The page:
The shooting aspect of Breakdown is different than most games of its kin. It is different to such an extent that I almost hesitate to call it at least a standard first-person shooter. While there is an option to freely aim at enemies, Breakdown by default allows players to auto aim, or rather auto lock-on enemies. Pressing A while having a gun (or fists) equipped locks onto an enemy until that enemy is shot dead, or A is pressed again which will switch targets if another target is present. The player can also exit the lock-on to move freely once again. While this is unusual to me and I may even call it an unnecessary mechanic, it is by no means a bad thing. In fact, some may prefer it, as when locked onto an enemy the player can still strafe and duck in and out of coverage.
Let’s look at the one aspect of Breakdown that makes it standout – the first person fighting. Breakdown attempts to keep this mechanic simple, avoiding the complex fighting game like button bashing combos that would be an ill fit for a first-person action game. Punches, kicks, and combos are controlled mostly with the shoulder buttons and the XBOX controllers black button. Actions are not complex or difficult to execute and blocking is a straightforward press of the left analog stick. Once again, it may take some getting used to. Though I call it a standout feature it isn’t the only reason this game is a hidden gem in my view, not only is it a fine first-person title, I found the story engrossing and deep. Some story moments involving apparent hallucinations are trippy, unique and excellent. Also, dialogue options appear while interacting with characters, they have no real effect on the game and only serve to further engross the player.
VISUALS and SOUND
On the side of visuals, Breakdown is exactly what you would expect from an XBOX game, it’s smooth and it looks fine, it’s varied locations are all well presented, sharp and nicely detailed. Every action Derrick takes is depicted as realistically as possible, from drinking cans of soft drink, eating burgers, picking a telephone and reading a document, there is even a raw vomiting sequence early on in the game.
The electronic soundtrack that accompanies most of the action in Breakdown is ambient and subdued. In a game that intends to be as immersive as possible, you might say that this is intentional. Music that is too bombastic or even cinematic may detract from the realism attempted here. Breakdowns soundtrack is minimalist for the most part and just bubbles under the surface of everything else that is doing more to grab your attention. It is neither too quiet nor too loud, it just fits. Though, the final boss theme is pretty epic.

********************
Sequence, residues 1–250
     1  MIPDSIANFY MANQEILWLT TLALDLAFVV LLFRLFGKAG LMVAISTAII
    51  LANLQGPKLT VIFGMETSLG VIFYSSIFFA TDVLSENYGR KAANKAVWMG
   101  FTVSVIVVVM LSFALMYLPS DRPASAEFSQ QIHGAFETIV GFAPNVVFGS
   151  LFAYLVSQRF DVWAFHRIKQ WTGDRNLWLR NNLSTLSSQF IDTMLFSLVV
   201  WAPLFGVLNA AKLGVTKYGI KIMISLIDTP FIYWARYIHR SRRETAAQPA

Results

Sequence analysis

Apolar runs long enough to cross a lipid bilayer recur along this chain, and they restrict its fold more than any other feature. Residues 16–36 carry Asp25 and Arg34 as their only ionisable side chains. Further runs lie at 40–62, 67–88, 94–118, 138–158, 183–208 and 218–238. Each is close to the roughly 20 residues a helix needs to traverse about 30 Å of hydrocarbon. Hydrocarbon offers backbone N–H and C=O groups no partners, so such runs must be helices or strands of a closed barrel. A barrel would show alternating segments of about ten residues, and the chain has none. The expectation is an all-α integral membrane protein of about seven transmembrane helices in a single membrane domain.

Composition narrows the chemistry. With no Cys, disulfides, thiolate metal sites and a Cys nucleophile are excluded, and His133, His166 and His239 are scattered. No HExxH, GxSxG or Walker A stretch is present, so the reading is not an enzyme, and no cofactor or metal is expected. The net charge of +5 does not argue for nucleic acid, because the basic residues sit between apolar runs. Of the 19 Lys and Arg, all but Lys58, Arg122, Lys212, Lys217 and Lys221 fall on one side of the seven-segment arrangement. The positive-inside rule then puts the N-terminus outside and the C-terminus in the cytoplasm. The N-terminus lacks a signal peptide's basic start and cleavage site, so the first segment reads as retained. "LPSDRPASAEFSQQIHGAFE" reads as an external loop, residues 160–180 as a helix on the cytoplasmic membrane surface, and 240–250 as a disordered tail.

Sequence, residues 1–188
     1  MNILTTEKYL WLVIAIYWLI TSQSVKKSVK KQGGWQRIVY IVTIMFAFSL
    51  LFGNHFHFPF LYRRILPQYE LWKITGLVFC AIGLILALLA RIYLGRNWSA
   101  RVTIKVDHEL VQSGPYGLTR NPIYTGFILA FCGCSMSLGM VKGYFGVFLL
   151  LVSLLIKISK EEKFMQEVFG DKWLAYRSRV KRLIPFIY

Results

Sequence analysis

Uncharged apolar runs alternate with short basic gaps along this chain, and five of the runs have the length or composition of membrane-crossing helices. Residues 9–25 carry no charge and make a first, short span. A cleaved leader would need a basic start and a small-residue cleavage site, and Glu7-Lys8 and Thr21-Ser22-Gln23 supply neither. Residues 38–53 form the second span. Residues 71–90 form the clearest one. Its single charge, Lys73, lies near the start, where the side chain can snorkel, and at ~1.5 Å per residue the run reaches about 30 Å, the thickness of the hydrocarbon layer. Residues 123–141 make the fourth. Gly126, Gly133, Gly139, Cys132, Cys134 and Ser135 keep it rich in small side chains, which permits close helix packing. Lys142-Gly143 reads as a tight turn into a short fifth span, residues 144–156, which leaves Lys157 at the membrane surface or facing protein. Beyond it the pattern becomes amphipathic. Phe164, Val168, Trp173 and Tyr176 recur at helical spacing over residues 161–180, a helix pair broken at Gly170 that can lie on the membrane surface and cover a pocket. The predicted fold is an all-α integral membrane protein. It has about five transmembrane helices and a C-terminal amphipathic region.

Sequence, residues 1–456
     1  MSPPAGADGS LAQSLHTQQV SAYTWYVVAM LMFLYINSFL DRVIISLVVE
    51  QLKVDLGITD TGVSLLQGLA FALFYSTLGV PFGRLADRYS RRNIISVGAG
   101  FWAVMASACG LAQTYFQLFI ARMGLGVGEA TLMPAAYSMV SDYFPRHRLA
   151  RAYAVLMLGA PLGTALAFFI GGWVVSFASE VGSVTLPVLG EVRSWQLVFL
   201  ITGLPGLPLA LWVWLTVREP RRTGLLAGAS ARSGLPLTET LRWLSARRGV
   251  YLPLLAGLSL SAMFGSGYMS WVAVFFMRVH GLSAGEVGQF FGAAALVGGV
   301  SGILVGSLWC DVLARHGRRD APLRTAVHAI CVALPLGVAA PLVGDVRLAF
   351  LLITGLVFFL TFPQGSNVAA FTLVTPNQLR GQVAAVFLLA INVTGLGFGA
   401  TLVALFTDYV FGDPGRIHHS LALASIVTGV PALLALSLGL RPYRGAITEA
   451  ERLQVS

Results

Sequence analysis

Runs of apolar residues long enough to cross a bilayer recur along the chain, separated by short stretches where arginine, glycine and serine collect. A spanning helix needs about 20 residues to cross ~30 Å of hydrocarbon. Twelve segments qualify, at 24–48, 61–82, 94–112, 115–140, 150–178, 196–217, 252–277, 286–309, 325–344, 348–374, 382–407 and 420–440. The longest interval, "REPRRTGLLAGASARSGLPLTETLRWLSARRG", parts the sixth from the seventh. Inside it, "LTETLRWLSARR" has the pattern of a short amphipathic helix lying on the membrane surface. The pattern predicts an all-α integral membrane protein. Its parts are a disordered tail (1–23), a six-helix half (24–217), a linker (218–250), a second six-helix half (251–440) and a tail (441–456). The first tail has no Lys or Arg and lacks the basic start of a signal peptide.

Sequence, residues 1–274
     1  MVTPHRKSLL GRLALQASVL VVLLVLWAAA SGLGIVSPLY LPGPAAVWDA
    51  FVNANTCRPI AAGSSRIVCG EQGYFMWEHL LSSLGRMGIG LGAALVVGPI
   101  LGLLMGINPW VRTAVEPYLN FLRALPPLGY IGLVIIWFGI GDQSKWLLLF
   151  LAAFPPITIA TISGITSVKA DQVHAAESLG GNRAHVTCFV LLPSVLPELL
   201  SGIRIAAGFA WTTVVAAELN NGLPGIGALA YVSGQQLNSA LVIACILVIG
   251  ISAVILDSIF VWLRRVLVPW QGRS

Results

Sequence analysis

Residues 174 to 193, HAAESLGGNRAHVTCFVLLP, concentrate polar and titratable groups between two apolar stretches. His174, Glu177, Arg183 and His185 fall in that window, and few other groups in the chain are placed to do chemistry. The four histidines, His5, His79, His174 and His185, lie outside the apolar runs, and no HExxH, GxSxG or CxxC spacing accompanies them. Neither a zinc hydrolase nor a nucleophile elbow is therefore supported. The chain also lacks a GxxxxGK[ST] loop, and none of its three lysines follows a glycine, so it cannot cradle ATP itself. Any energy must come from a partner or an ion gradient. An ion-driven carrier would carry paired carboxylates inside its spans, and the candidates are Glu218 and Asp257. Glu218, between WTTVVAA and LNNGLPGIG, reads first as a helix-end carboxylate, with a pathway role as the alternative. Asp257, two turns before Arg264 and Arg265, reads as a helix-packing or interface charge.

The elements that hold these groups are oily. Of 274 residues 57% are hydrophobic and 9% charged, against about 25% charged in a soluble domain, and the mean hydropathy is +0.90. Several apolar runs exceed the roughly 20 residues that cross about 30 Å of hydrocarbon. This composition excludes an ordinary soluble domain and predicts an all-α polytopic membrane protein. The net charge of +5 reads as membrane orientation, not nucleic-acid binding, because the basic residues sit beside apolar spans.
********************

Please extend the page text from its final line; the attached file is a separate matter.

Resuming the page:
Initially, Breakdown is quite an easy game, once Derrick unlocks his abilities it seems even easier, assuming you do a fine job in landing those punches on the T’lan warriors. Naturally, as the game progresses you’ll find yourself fighting tougher and more numerous T’lan warriors and other enemies. When your fists are your only weapon it’s tough to take on more than one of the T’lan, even from the beginning. So get practicing with blocking, you’ll need it.
Luckily, opportunities to gain health are plentiful and are in the form of food and drink. Food items such as burgers are found on tables, ration bars are found on fallen foes often and health-boosting soft drink vending machines are scattered all around. However, you will frequently find yourself in a difficult situation of being trapped by enemies with very little health and trying to stealth around looking for a health boost. At the 3 or 4 hour mark is where the game gets tough, almost every location is packed with T’lan and frequently rooms and corridors will require multiple retries, so get used to saving a lot. While later areas can be frustrating, it’s not a game that I would label unfair.
Breakdown is a game that I do believe some people will dislike, it has a few factors that will make or break the game for many, it’s somewhat clunky controls, its disorientating visual perspective and later difficulty spike may prove off-putting. Then again many may love it, for its fascinating story, its unique moments involving time travel and hallucinations and its well implemented first-person fighting mechanics that really make those punches feel powerful. Namco’s Breakdown is one of the best of the lesser known games for XBOX.
- THE GOOD
- Well implemented first person fighting
- Deep, interesting and engrossing story line
- Not too long, not too short
- Solid voice acting
- THE BAD
- Controls are a little awkward and wobbly
There are those who will dislike Breakdown, once again it’s a polarising game, you will love it or hate it. Though I think the likers will outweigh the haters.